5.3.8. These advantages accrued to the city from the nature of the country; but the foresight of the Romans added others besides. The Grecian cities are thought to have flourished mainly on account of the felicitous choice made by their founders, in regard to the beauty and strength of their sites, their proximity to some port, and the fineness of the country. But the Roman prudence was more particularly employed on matters which had received but little attention from the Greeks, such as paving their roads, constructing aqueducts, and sewers, to convey the sewage of the city into the Tiber. In fact, they have paved the roads, cut through hills, and filled up valleys, so that the merchandise may be conveyed by carriage from the ports. The sewers, arched over with hewn stones, are large enough in some parts for waggons loaded with hay to pass through; while so plentiful is the supply of water from the aqueducts, that rivers may be said to flow through the city and the sewers, and almost every house is furnished with water-pipes and copious fountains. To effect which Marcus Agrippa directed his special attention; he likewise bestowed upon the city numerous ornaments. We may remark, that the ancients, occupied with greater and more necessary concerns, paid but little attention to the beautifying of Rome. But their successors, and especially those of our own day, without neglecting these things, have at the same time embellished the city with numerous and splendid objects. Pompey, divus Caesar, and Augustus, with his children, friends, wife, and sister, have surpassed all others in their zeal and munificence in these decorations. The greater number of these may be seen in the Campus Martius, which to the beauties of nature adds those of art. The size of the plain is marvellous, permitting chariot-races and other feats of horsemanship without impediment, and multitudes to exercise themselves at ball, in the circus and the palaestra. The structures which surround it, the turf covered with herbage all the year round, the summits of the hills beyond the Tiber, extending from its banks with panoramic effect, present a spectacle which the eye abandons with regret. Near to this plain is another surrounded with columns, sacred groves, three theatres, an amphitheatre, and superb temples in close contiguity to each other; and so magnificent, that it would seem idle to describe the rest of the city after it. For this cause the Romans, esteeming it as the most sacred place, have there erected funeral monuments to the most illustrious persons of either sex. The most remarkable of these is that designated as the Mausoleum, which consists of a mound of earth raised upon a high foundation of white marble, situated near the river, and covered to the top with ever-green shrubs. Upon the summit is a bronze statue of Augustus Caesar, and beneath the mound are the ashes of himself, his relatives, and friends. Behind is a large grove containing charming promenades. In the centre of the plain, is the spot where this prince was reduced to ashes; it is surrounded with a double enclosure, one of marble, the other of iron, and planted within with poplars. If from hence you proceed to visit the ancient forum, which is equally filled with basilicas, porticos, and temples, you will there behold the Capitol, the Palatium, with the noble works which adorn them, and the promenade of Livia, each successive place causing you speedily to forget what you have before seen. Such is Rome.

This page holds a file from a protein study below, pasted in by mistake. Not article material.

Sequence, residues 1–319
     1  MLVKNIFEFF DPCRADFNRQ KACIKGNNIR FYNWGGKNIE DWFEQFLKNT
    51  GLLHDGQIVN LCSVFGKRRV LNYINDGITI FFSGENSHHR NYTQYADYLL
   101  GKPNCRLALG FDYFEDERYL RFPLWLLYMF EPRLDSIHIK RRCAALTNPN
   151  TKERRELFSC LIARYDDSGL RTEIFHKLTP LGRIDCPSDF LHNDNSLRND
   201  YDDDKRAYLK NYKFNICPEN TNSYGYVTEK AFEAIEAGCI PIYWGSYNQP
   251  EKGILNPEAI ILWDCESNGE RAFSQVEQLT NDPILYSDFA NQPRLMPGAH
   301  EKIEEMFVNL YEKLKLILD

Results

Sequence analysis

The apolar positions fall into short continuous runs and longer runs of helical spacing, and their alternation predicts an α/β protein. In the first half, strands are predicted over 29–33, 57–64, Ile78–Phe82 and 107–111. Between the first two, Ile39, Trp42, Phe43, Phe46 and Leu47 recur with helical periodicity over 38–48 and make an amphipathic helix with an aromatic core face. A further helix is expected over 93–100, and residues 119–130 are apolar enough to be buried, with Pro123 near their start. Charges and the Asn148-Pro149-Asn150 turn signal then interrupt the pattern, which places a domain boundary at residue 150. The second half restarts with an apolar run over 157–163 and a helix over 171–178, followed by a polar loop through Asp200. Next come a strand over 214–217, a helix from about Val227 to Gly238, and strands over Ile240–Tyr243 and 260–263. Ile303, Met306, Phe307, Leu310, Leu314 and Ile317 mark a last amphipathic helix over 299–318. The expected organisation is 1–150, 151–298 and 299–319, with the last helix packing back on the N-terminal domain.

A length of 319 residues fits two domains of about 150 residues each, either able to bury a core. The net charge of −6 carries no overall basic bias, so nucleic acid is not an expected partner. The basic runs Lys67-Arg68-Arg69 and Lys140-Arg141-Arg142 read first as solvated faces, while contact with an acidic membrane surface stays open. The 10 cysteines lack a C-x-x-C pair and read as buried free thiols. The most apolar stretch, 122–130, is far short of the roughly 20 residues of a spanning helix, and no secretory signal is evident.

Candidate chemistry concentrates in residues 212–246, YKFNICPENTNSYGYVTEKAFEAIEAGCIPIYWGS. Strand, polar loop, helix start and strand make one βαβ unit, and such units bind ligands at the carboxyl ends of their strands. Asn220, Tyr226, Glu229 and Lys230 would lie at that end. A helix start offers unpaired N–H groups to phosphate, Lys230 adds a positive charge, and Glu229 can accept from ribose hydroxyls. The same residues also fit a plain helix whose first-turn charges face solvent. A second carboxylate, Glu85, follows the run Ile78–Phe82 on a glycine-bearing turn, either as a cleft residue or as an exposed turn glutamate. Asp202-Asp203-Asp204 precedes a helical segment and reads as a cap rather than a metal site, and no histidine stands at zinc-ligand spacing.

7. Vergil, Aeneis, 1.286-1.296, 6.791-6.807, 6.847-6.848  Tagged with subjects: •palatine hill, augustan developments Found in books: Jenkyns (2013) 328
1.286. place cauldrons on the shore, and fan the fires. 1.287. Then, stretched at ease on couch of simple green, 1.288. they rally their lost powers, and feast them well 1.289. on seasoned wine and succulent haunch of game. 1.290. But hunger banished and the banquet done, 1.291. in long discourse of their lost mates they tell, 1.292. 'twixt hopes and fears divided; for who knows 1.293. whether the lost ones live, or strive with death, 1.294. or heed no more whatever voice may call? 1.295. Chiefly Aeneas now bewails his friends, 1.296. Orontes brave and fallen Amycus, 6.791. What forms of woe they feel, what fateful shape 6.792. of retribution hath o'erwhelmed them there. 6.793. Some roll huge boulders up; some hang on wheels, 6.794. Lashed to the whirling spokes; in his sad seat 6.795. Theseus is sitting, nevermore to rise; 6.796. Unhappy Phlegyas uplifts his voice 6.797. In warning through the darkness, calling loud, 6.798. ‘0, ere too late, learn justice and fear God!’ 6.799. Yon traitor sold his country, and for gold 6.800. Enchained her to a tyrant, trafficking 6.801. In laws, for bribes enacted or made void; 6.802. Another did incestuously take 6.803. His daughter for a wife in lawless bonds. 6.804. All ventured some unclean, prodigious crime; 6.805. And what they dared, achieved. I could not tell, 6.806. Not with a hundred mouths, a hundred tongues, 6.807. Or iron voice, their divers shapes of sin, 6.847. Lo! on the left and right at feast reclined 6.848. Are other blessed souls, whose chorus sings